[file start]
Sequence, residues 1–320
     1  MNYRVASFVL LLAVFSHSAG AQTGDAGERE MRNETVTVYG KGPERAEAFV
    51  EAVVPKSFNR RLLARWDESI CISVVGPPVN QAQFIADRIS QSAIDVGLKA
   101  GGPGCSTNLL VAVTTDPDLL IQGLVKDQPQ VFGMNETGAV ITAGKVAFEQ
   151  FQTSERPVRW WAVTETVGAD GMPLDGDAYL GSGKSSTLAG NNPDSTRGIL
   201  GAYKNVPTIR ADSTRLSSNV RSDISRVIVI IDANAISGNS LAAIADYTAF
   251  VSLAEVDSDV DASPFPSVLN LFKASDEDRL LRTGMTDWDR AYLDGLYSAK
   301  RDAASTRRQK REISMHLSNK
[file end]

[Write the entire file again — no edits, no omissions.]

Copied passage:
Sequence, residues 1–320
     1  MNYRVASFVL LLAVFSHSAG AQTGDAGERE MRNETVTVYG KGPERAEAFV
    51  EAVVPKSFNR RLLARWDESI CISVVGPPVN QAQFIADRIS QSAIDVGLKA
   101  GGPGCSTNLL VAVTTDPDLL IQGLVKDQPQ VFGMNETGAV ITAGKVAFEQ
   151  FQTSERPVRW WAVTETVGAD GMPLDGDAYL GSGKSSTLAG NNPDSTRGIL
   201  GAYKNVPTIR ADSTRLSSNV RSDISRVIVI IDANAISGNS LAAIADYTAF
   251  VSLAEVDSDV DASPFPSVLN LFKASDEDRL LRTGMTDWDR AYLDGLYSAK
   301  RDAASTRRQK REISMHLSNK